The Search for Black History: Parents Can Help to Expose Their Children to the Richness of Their Culture in a Variety of Ways

By Henderson, Shirley | Ebony, February 2007 | Go to article overview

The Search for Black History: Parents Can Help to Expose Their Children to the Richness of Their Culture in a Variety of Ways


Henderson, Shirley, Ebony


In this world, where Black History is not a major part of the educational curriculum, more parents are taking the lead in contributing to the cultural development of their children through a number of family experiences-trips to museums, Black History tours, theater and national historic sites and landmarks that showcase the major contributions of African-Americans.

In celebration and recognition of Black History Month, the following are some ideas to help parents educate their children:

National Parks

While most people may not associate the National Park Foundation with Black History, there is a treasure trove of information that exists within 20 historic sites for families to discover. "Many people aren't aware that the places are there" says Cynthia Lowery Morris, executive director for the African-American Experience Fund, which lists more than 20 sites within the National Park Foundation.

* Boston African-American National Historic Site, Boston

A 1.6-mile trail that families can follow links 15 pre-Civil War African-American history structures of a free Black community.

* Brown vs. Board of Education National Historic Site, Topeka, Kan.

Located inside Monroe Elementary School, which was one of four segregated elementary schools in Topeka before the landmark Supreme Court decision ended legal segregation.

* Carter G. Woodson Home National Historic Site, Washington, D.C.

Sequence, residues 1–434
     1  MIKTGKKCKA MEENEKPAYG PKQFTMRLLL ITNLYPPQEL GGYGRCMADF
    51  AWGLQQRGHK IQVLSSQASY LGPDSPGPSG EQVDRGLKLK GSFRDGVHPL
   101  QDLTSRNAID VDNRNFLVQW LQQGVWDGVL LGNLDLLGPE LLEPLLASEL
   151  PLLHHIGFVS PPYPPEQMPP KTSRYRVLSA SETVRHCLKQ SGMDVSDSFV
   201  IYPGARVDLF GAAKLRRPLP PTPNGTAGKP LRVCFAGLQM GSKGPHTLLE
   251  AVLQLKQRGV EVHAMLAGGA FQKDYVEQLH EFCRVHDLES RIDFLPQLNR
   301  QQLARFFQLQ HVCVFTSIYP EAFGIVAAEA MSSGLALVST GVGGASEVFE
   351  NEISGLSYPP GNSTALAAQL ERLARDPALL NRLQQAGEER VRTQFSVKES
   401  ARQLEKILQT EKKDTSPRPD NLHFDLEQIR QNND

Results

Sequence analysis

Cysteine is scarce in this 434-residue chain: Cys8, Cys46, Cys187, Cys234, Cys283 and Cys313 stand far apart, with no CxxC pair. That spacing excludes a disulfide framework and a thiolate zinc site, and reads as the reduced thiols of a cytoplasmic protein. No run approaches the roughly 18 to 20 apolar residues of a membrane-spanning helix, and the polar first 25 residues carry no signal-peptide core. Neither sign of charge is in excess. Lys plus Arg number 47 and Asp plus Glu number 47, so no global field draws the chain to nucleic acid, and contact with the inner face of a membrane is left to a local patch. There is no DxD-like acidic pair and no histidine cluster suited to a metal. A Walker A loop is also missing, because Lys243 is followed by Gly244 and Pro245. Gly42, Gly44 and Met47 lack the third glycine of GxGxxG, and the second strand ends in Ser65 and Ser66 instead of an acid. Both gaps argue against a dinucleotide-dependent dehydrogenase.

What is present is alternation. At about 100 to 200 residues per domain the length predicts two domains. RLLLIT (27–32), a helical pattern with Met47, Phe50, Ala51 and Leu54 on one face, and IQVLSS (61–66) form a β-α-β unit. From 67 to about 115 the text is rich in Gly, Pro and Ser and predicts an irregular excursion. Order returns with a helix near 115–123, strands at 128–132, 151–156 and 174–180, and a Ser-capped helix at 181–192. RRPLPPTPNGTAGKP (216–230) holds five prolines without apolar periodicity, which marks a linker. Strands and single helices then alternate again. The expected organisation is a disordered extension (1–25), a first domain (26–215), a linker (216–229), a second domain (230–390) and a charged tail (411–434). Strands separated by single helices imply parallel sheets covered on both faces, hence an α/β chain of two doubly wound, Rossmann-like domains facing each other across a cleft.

Dr. Woodson's office and book warehouse are part of the African-American Heritage Trail of Washington, D.C.

* Martin Luther King, Jr. National Historic Site, Atlanta

The birth home of the famed civil rights leader on Auburn Avenue can be viewed where King spent the first 12 years of his life. Also included are Ebenezer Baptist Church and the King Center.

* Mary McLeod Bethune Council House National Historic Site, Washington, D.C.

A Victorian townhouse purchased by Bethune was the head quarters of the National Council of Negro Women. Tours of the site will reveal the largest archival collection of African-American women.

* Natchez National Historic Park, Natchez, Miss.

Includes the home and retail shop of William Johnson, who had been emancipated and became a middleclass businessman, diarist and slave owner.

* Selma to Montgomery National Historic Trail, Selma, Lowndes and Montgomery counties, Ala.

Families can tour a 54-mile trail of the historic march that culminated into the Voters Rights Act of 1965 and includes the "Bloody Sunday" site, the Dallas County Court House, George Washington Carver homes and the First Baptist Church in Selma.

* Tuskegee Airmen National Historic Site, Tuskegee, Ala.

Scheduled to open in 2012, this site will include the airfield, hangar and various buildings where the first African-American military pilots were trained.

Continued on Page 146

Museums

A number of museums focus on Black History and culture and can make fascinating family daytrips. Social historians say that it's good to turn these trips into a family affair, which is what Teresa Moore and her husband, Aaron, do with their children, Rio, 11, Sierra, 9, and Roman, 6. The children's grandmother also escorts the kids on a weekly outing, which often includes a trip to the California African-American Museum in L.A. "Their grandmother is very strong in Black heritage" says Moore. "It was on the agenda since they were born. There's so much negativity on TV and in the news, we like to do things that are positive" There are many other great museums that parents can visit during a weekend getaway or vacation destination. …

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